Florence for shoe lovers

Florence, ah wonderful Florence….

I visit Florence each spring, using it as my base when attending Linea Pelle in Bologna (more about that in another post!). I absolutely love this city: the food, the buildings, the people, the dinky old shops and the leather.  Oh my goodness, the leather!

For a lover of leather, this really is the place to be. Florence’s wonderful leather industry has been established for centuries and the skill of crafting the perfect shoe has been handed down through the generations.  If you are wanting to make it in the shoe industry, doing an internship with the likes of Ferragamo will do you no harm.

Much has been written about the men’s shoe tradition in Florence (The Sartorialist, The Journal of Style, The Rake Online) but there’s surprisingly little about women's shoes.  So here, ladies, is how to have very fine day with shoes in Florence!

Morning - Museums

First stop is the museums.  I like to fill my mornings with culture – soaking up the history on the street and in the museums - before hitting the shops in the afternoon.  I think of it as eating my vegetables before having dessert.

For shoe lovers, Florence provides both the Gucci and Salvatore Ferragamo museum.  Both trace the history of the brands, the skill of their artisans and the ground-breaking inventions along the way.

[caption id="attachment_68" align="aligncenter" width="503"]Gucci Museum Gucci Museum[/caption]

The Gucci Museum follows the brand from its inception to the current day.  There is everything from bespoke car interiors to their world-renowned luggage, handbags, shoes and all sorts of leather-trimmed accessories.  The layout of the museum is stunning, taking you through the history as you move up the floors. There’s a gentle glamour to the brand that makes you feel incredibly stylish just looking at it.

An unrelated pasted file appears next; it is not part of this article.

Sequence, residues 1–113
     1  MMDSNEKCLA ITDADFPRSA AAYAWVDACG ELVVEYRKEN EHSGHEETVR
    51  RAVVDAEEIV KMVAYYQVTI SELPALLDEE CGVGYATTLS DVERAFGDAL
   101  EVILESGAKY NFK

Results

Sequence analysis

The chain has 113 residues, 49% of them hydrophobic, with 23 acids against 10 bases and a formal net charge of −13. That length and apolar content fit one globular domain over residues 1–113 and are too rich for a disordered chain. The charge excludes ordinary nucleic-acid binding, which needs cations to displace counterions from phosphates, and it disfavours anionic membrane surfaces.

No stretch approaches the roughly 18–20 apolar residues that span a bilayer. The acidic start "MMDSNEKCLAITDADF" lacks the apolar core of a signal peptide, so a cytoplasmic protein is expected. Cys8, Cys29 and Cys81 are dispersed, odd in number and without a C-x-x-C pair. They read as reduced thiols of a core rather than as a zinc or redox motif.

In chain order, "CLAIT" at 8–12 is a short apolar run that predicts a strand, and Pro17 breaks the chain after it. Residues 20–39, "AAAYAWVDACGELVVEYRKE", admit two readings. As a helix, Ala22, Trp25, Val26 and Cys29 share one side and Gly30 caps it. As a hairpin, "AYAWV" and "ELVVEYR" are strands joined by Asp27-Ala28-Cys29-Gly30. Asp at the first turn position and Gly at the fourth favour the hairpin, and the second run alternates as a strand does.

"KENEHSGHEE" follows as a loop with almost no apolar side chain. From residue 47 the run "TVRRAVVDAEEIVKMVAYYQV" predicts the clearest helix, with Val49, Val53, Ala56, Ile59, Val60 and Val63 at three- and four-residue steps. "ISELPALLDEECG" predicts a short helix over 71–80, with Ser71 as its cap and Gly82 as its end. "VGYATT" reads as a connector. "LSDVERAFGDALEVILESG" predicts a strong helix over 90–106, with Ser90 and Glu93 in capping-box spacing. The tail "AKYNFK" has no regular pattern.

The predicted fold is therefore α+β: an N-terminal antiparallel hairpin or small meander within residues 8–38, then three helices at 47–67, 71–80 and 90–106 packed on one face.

In shoe terms, Gucci is best known for their iconic horsebit loafer.  First created in 1953, it has been released in a huge variety of materials over the years – from the usual calfskin and suede through to exotic python, crocodile and ostrich.

[caption id="attachment_69" align="aligncenter" width="538"]Gucci loafer The iconic Gucci horsebit loafer updated for current trends. (© Gucci)[/caption]

Now, when doing anything in this part of the world, it is sinful not to stop for frequent coffee breaks.  You can sit at one of the piazzas and pay a ton or make like a local and stand up at the bar.  Grab yourself a latte macchiato and a pastry and pretend you’re in a movie. 

[caption id="attachment_70" align="aligncenter" width="552"]Molto civilised coffee at Coronos Cafe Molto civilised coffee at Coronos Cafe[/caption]


Feeling nice and refreshed, it’s time to hit the Ferragamo Museum.  I literally cried the first time I went there.  There was a video projected onto three sides of a room, with shots alternating between a pianist and cordwainers (shoemakers) crafting a pair of high-heeled shoes.

[caption id="attachment_71" align="aligncenter" width="542"]Ferragamo museum Ferragamo museum[/caption]

Ferragamo was the shoe god of his day.  As a young man, he moved to California and began making shoes for Hollywood stars – Audrey Hepburn, Marilyn Monroe and Greta Garbo among them – before later establishing his base in Florence.  The museum is a treasure trove of Ferragamo shoes, from the master’s original work to the current day.  There is a mixture of permanent and temporary exhibits, so it’s always worth dropping by even if you’ve been before.

[caption id="attachment_72" align="aligncenter" width="532"]Salvatore Ferragamo fitting shoes on Gina Lollobrigida  (© Ferragamo Museum) Salvatore Ferragamo fitting shoes for Gina Lollobrigida (© Ferragamo Museum)[/caption]

Ferragamo truly understood that shoemaking was a science and an art – being obsessed with making stylish but comfortable shoes.  After attending human anatomy courses at the local university, he discovered that the trick lay in how the body weight was distribute across the foot.  The Ferragamo group has more than 350 patents – a mixture of designs (the iconic wedge and heels) and manufacturing technics.  He incorporated lacework, straw and embroidery in his designs – making use of the local talents of Florence.  Ferragamo is one of the only fashion labels to make shoes in multiple widths.

[caption id="attachment_73" align="aligncenter" width="546"]Iconic styles at the Ferragamo Museum Iconic styles at the Ferragamo Museum[/caption]

Next post we’ll hit the shops!

Gucci Museo – Piazza della Signoria, Florence

Museo Salvatore Ferragamo - Piazza Santa Trinita 5, 50123 Firenze

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